3 years ago

“Mesenchymal stem cells”: fact or fiction, and implications in their therapeutic use [version 1; referees: 2 approved]

Pamela G. Robey
The concept of a post-natal “mesenchymal stem cell” (“MSC”) originated from studies focused on bone marrow stromal cells (BMSCs), which are non-hematopoietic adherent cells, a subset of which are skeletal stem cells (SSCs), able to form cartilage, bone, hematopoiesis-supportive stroma, and marrow adipocytes based on rigorous clonal and differentiation assays. Subsequently, it was speculated that BMSCs could form other mesodermal derivatives and even cell types from other germ layers. Based on BMSC surface markers, representative of fibroblastic cells, and imprecise differentiation assays, it was further imagined that “MSCs” are ubiquitous and equipotent. However, “MSCs” do not have a common embryonic origin and are not a lineage, but recent studies indicate that they are tissue-specific stem/progenitor cells. These cells share cell surface features owing to their fibroblastic nature, but they are not identical. They display different differentiation capacities based on their tissue origin but do not “trans-differentiate” outside of their lineage, based on rigorous assays. For these reasons, the “MSC” term should be abandoned. Tissue-specific stem/progenitor cells provide the opportunity to devise methods for tissue regeneration by the cells themselves (tissue engineering). Their use in other forms of regenerative medicine based on paracrine, immunosuppressive, and immunomodulatory effects is far less clear.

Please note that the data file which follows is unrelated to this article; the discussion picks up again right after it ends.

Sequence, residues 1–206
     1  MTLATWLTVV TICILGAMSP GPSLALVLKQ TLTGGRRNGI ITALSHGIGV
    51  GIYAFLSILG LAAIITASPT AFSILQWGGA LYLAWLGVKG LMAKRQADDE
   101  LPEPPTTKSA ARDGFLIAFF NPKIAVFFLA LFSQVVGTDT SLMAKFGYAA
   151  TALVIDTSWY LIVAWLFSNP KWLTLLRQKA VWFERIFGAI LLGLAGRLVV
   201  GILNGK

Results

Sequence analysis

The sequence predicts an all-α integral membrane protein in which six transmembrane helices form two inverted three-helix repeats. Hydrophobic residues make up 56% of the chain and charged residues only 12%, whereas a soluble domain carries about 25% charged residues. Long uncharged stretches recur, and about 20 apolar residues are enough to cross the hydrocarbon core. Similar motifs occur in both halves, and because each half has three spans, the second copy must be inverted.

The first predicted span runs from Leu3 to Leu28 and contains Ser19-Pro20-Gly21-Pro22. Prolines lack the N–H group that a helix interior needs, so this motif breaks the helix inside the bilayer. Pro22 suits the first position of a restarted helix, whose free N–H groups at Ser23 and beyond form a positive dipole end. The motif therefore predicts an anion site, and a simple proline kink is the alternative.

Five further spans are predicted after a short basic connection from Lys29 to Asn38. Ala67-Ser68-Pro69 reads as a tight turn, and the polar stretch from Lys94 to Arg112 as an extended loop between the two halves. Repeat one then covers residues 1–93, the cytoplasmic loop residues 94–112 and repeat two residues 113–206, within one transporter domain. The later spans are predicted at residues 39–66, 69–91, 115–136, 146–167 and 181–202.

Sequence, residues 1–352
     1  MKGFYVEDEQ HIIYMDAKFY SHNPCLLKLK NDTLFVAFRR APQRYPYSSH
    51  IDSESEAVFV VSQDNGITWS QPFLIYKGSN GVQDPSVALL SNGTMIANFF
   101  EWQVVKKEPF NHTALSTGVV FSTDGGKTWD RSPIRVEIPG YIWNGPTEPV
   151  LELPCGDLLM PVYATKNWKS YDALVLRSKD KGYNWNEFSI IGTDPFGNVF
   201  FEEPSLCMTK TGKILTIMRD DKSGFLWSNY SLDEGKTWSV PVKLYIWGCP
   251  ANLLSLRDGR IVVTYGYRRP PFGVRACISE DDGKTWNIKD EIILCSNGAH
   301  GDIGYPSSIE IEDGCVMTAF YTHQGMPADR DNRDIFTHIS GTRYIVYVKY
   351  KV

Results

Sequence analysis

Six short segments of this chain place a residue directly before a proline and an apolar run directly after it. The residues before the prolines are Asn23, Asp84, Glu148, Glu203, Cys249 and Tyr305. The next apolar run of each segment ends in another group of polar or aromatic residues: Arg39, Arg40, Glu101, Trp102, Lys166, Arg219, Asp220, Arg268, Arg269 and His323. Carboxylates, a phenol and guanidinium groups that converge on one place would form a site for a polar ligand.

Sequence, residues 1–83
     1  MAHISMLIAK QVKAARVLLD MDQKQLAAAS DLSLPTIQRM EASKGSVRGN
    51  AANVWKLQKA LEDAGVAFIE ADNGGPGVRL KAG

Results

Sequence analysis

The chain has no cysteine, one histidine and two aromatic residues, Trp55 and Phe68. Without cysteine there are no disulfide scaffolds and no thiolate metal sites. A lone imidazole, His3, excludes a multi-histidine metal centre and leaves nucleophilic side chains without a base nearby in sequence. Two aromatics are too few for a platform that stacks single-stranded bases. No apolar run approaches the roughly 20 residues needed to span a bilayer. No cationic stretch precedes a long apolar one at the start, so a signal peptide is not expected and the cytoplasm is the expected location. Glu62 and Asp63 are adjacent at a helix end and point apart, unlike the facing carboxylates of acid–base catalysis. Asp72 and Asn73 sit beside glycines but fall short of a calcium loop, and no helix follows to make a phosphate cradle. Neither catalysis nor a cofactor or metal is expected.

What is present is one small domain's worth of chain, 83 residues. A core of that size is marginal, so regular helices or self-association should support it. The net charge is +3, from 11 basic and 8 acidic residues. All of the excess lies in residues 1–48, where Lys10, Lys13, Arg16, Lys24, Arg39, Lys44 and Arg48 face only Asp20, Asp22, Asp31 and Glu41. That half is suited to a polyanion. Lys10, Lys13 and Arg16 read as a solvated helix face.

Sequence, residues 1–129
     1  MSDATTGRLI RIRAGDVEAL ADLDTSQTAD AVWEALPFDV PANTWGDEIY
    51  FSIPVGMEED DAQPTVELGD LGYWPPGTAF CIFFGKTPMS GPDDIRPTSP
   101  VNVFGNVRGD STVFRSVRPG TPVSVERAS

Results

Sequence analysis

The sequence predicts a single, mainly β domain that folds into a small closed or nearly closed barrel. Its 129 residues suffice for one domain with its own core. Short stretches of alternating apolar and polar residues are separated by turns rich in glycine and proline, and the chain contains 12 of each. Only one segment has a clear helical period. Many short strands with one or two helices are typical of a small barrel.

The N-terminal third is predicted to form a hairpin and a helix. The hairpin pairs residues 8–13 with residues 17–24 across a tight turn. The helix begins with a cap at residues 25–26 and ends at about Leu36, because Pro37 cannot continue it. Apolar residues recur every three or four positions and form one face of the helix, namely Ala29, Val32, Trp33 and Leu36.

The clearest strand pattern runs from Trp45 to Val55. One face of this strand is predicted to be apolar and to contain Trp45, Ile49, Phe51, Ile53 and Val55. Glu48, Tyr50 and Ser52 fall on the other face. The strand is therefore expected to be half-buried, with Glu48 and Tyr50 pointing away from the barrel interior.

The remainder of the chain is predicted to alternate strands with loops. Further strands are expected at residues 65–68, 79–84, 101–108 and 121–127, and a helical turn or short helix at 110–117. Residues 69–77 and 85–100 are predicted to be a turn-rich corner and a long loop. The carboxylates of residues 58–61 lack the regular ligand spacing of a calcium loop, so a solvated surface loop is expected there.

Publisher URL: https://f1000research.com/articles/6-524/v1

DOI: 10.12688/f1000research.10955.1

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